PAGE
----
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Citizenship Students Challenge Gordon Henderson On Voting Age Reduction

Three of our Year 11 boys decided to go straight to the top when researching a project in their Citizenship lessons.

Three of our Year 11 boys decided to go straight to the top when researching a project in their Citizenship lessons. Finn Byrne and Oliver Gilbert, together with Matthew Bailey, feel very strongly about lowering the age at which citizens of the UK can vote in General and Local Elections, believing that more young people should have a say on their future and it would increase the voter turnout in future elections. They cited the fact that Scotland has now reduced the voting age to 16 for local elections.  Finn and his peers wrote to recently re-elected Sittingbourne and Sheppey Member of Parliament Gordon Henderson to find out about his perspective on lowering the voting age. All three boys were very pleased that Mr Henderson had taken the trouble to respond and said ”We absolutely respect Mr Henderson’s view and thank him for replying. However, his argument and explanation has not changed our minds”.

Mr Henderson’s reply was:

Dear Finn, Matthew and Oliver

Thank you for contacting me about the voting age.

I welcome the ongoing discussions and debates on this issue. There was a rising level of interest in the issue following the Scottish Independence Referendum, although most polls do show that a majority of adults oppose the change. In the 16-18 cohort, there is a modest majority of 16 year olds in favour, 17 year olds are evenly balanced, and 18 year olds are against.

In the UK, there is no single moment when someone moves from childhood to adulthood; instead responsibilities and permitted activities build up over time. For example, a person must be 17 before they can leave home without parents' consent or hold a license to drive and 18 before they can sit on a jury or buy alcohol. I think this illustrates that, so far, we have viewed attainting adulthood as a process rather than a single event.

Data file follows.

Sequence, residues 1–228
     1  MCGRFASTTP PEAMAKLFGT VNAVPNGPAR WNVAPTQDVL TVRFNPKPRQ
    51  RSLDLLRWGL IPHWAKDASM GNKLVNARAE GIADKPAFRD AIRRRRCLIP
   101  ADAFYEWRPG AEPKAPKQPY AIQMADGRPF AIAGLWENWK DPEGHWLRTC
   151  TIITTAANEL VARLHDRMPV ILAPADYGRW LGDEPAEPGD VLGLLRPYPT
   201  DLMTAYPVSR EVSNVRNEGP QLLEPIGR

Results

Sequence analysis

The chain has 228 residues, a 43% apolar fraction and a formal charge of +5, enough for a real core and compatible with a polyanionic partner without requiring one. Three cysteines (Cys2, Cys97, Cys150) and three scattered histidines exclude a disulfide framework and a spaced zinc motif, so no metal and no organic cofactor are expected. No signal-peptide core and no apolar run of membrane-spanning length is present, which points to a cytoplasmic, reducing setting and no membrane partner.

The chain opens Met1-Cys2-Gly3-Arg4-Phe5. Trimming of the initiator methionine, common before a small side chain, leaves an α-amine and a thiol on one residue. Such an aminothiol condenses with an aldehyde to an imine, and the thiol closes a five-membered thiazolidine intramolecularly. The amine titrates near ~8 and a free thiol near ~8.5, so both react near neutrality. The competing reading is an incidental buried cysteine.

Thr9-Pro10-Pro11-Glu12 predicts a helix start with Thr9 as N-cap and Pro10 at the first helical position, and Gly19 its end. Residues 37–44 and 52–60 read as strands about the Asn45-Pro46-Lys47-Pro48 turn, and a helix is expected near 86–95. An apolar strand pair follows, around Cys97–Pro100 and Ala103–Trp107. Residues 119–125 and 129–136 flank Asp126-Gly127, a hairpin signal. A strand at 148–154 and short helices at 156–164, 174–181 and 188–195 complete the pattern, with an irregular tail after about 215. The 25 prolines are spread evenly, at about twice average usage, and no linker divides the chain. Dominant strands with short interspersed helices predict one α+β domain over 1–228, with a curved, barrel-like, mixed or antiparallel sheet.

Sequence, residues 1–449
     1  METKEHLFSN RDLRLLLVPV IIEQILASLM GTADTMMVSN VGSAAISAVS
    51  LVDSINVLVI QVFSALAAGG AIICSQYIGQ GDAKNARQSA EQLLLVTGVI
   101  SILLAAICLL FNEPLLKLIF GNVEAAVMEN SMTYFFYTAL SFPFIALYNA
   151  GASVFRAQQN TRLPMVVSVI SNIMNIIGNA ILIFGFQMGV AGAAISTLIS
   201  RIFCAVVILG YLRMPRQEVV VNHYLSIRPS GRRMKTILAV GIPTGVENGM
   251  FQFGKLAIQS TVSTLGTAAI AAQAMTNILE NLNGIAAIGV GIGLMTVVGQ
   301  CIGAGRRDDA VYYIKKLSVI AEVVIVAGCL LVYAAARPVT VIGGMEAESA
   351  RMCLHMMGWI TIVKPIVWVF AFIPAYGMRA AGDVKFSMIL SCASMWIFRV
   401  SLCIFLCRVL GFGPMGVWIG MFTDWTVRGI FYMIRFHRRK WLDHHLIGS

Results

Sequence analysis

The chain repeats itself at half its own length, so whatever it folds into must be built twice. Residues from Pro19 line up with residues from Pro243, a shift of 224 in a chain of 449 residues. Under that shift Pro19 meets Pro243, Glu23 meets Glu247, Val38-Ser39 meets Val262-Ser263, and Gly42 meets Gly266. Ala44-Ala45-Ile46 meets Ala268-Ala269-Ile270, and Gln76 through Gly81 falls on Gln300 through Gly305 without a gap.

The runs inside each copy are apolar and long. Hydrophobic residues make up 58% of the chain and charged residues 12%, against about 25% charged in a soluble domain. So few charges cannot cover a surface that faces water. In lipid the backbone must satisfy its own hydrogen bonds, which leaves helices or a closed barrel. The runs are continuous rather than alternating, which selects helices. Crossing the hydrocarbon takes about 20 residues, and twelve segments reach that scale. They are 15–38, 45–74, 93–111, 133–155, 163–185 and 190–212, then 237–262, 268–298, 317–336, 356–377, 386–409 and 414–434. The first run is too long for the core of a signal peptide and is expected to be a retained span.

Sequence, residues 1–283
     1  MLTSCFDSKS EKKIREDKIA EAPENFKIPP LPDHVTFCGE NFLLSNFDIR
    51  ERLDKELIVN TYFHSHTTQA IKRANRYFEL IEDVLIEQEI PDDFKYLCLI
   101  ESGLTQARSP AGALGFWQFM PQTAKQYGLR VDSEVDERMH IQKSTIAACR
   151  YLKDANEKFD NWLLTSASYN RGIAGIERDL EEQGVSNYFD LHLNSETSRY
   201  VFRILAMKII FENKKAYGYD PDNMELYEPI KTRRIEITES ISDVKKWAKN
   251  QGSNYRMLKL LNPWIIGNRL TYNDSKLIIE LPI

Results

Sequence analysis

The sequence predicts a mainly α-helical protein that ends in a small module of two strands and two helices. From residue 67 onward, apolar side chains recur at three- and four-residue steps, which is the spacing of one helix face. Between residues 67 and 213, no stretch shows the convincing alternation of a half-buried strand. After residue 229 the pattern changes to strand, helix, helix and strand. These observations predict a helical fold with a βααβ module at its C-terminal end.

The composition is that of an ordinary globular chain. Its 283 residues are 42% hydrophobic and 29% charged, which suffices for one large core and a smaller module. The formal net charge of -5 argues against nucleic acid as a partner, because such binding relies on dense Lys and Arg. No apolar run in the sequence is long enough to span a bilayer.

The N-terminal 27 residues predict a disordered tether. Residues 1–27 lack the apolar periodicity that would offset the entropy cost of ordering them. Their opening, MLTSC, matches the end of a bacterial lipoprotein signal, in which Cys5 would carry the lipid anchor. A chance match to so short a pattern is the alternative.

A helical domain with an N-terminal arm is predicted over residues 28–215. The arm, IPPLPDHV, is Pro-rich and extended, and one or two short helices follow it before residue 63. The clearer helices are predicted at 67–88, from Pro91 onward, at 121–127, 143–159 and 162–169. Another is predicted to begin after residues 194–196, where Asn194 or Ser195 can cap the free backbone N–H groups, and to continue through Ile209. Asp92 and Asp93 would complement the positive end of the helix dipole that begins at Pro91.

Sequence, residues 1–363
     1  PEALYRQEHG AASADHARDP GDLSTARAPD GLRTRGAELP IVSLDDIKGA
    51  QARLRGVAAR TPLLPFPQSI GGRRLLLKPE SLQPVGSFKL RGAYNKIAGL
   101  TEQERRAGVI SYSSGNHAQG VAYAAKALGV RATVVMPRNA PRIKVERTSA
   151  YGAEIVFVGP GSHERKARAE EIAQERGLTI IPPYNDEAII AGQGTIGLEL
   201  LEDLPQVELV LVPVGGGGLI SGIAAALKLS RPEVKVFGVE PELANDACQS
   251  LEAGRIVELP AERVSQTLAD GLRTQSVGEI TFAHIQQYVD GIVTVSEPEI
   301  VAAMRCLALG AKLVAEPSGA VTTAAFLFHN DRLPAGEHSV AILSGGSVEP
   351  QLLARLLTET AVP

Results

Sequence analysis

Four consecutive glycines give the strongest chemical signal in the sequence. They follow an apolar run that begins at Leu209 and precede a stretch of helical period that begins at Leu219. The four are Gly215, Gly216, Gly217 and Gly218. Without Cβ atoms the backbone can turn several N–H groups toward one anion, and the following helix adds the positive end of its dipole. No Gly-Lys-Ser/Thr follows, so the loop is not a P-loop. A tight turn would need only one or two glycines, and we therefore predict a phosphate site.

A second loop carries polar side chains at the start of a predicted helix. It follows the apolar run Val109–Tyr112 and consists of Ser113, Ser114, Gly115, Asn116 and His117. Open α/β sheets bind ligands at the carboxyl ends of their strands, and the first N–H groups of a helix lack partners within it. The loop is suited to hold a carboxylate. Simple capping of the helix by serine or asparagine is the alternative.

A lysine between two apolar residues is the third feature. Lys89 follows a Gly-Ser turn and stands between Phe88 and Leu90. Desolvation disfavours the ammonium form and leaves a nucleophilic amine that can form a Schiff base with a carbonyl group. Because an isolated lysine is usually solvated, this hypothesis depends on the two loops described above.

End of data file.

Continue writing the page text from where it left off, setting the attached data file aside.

Unfortunately, many of the arguments put forward as reasons for 16 and 17 year olds to get the vote (including the fact that they live in the area the same as everybody else) apply to many other people who are younger than 16. Will the next proposal be to let 15, 14 or 13 year olds to have the vote?

It is also worth pointing out that most democracies consider 18 the right age to enfranchise young people. So far in Europe, only Austria and Scotland have lowered the voting age to 16 for national elections.

Of course, I am all for young people taking part in politics, but we have to do lots of things to achieve more young people being involved in politics; it is not only a matter of the voting age. Interestingly, a 2009 report by the Youth Citizenship Commission stated that the voting age is not the principal factor in encouraging young people's interest and involvement in politics and citizenship.

I hope that this helps you to understand my position. Thank you again for taking the time to contact me.

Regards

Gordon

GORDON HENDERSON